Sunday, August 12, 2007

Musée du Moyen Age--Le Panthéon

Today we got our Four Day Museum Pass, so we are trying for a couple over in the Latin Quarter. We head out on the metro, only to find that the stop where we are supposed to transfer is closed. So we get off and have to walk up a couple of blocks tot he next station. Conveniently, those two blocks contain a really cool street market. We get our daily bread, as we forgot to stop at Paul this AM....We also got ice cube trays for the apt that have been sorely lacking at apertif time....

Here is some paella cooking in a giant vat. It did, in fact, smell that good!!

We made it down to the Latin Quarter, and headed for the Musée du Moyen Age. Outside you can see these ruins of a Roman Bath they are excavating. This it the "tepidarium" part.
This museum is housed in a former residence and place where visiting clergy could stay. There are TONS of religious artifacts here, and all the signage is in French, so Miles and Caroline start making up the stories to go with them. We saw this room of stained glass, and the story that goes with this one is that these guys had to get their camel and their white kid out of town because they were scared of the giant red artichoke coming over the hill!! (I would like to point out here that the kids have been really great about the museums, and looking at all the stuff, and talking about it, and gaining an understanding about why it is important)
Here are some heads that were taken off Notre Dame. Well, at least they found them!

Here is some 12th century pottery. I could not get over the colors and how beautiful they were. I was also amazed at how intact they were! That is some fine craftsmanship....
Here is the oldest "sculpture" in Paris. It is called the Pilier des nautes, and is a picture of Jupiter. It is from the 2nd century!! They found it under the courtyard in front of Notre Dame. They keep it here in the Frigidarium sction of the Roman Baths. We crack up every time we say" Frigidarium."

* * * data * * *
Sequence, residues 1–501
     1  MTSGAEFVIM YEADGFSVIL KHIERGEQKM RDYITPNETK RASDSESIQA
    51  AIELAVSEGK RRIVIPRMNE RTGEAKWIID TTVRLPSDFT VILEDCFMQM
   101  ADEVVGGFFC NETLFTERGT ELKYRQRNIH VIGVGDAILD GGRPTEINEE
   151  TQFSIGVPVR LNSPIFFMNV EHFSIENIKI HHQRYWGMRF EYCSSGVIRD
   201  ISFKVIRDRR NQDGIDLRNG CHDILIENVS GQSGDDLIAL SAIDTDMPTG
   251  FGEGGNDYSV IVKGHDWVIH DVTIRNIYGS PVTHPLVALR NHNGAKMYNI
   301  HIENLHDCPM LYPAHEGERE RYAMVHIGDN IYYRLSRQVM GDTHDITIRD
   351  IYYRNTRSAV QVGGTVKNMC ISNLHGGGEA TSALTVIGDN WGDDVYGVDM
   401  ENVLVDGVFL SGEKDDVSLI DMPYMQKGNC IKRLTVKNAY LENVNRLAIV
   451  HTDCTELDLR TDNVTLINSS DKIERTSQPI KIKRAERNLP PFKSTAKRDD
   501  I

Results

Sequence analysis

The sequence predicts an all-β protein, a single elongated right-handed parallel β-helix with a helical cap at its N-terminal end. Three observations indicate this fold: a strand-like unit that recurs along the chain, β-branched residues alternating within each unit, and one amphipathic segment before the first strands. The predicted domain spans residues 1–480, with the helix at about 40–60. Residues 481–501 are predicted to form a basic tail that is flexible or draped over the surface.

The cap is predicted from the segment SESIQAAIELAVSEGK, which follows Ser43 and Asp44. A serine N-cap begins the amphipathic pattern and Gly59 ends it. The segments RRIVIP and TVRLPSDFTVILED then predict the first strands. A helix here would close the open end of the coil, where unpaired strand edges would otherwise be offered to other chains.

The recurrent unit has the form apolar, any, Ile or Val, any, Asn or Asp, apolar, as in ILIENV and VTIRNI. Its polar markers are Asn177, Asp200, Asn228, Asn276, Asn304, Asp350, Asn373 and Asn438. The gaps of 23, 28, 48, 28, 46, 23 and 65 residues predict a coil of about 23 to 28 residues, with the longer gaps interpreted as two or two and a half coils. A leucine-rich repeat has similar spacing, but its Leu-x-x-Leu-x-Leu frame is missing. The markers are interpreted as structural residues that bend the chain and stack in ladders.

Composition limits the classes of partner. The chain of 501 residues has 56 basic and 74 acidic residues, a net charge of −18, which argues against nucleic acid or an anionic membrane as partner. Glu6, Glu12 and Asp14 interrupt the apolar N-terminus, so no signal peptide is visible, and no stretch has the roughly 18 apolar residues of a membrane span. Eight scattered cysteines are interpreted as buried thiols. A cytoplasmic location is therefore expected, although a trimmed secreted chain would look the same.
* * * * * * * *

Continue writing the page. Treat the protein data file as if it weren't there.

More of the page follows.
Here is the outside of this museum as seen from the cute little park across the street (dedicated to a mathematician!) where we had our lunch. It is a really cool building!
Here is The Sorbonne! Well a door of it, this was the best picture.
Then we walked around a bit to the Jardin and Palais du Luxembourg. Again, wow.
There was a superfun playground there, so some people were able to get some of their yah-yahs out.
Then we walked up the street to Le Panthéon. Just another incredible building....when we thought we had seen the most impressive already...
Here's the inside, where in 1851, Foucault suspended a pendulum from the dome. The mass of the pendulum was 28 kg and the length of the arm was 67 m. Once the pendulum was set in motion, the plane of motion was observed moving 360° clockwise once per day. This movement was most easily explained by the rotation of the Earth!! So cool! OK, I swiped those facts from Wiki, but I honestly did not retain the info from the seven minute video in French that I watched.
And here is a pic of Alexaner Dumas' tomb down in the crypt, that we took for our favorite Dumas-loving Aunt. There are many interesting people buried in there. Voltaire, Molière, Louis Braille, and the Curies to name some of them....
Here is the ceiling. Our new France motto, is, "Don't forget to look up!!"
We came home and got caught in a torrential downpour when it was time to switch metros (we had to do the walk to a different stop thing) Il pleut des cordes!!!

Monoprix has the nerve to be closed on Sundays, so we went out looking for food, and most restaurants ( the ones we want to go to) are closed, too! We end up at sushi, which was really good, and they were really sweet to us. Here is how it is when we say we are from Seattle: "Oh! Microsoft! Starbucks!" We smile and nod because we do not know if this is considered good. Today a guy said "Supersonics!" Go figure.

On the walk home, we took a picture of this Dyson vacuum store for our friend Kristina who loves vacuums. Especially these. Sweet dreams, Steener.

1 comment:

Martin said...

Perhaps now you'll have to read that book "Pendulum" that you gave me in the book exchange a couple of years ago :-). All about the self-taught, brilliant Foucault and how he made many great scientific discoveries and contributed to the triumph of science over religion. Look for his statue outside the Hotel de Ville.

Dad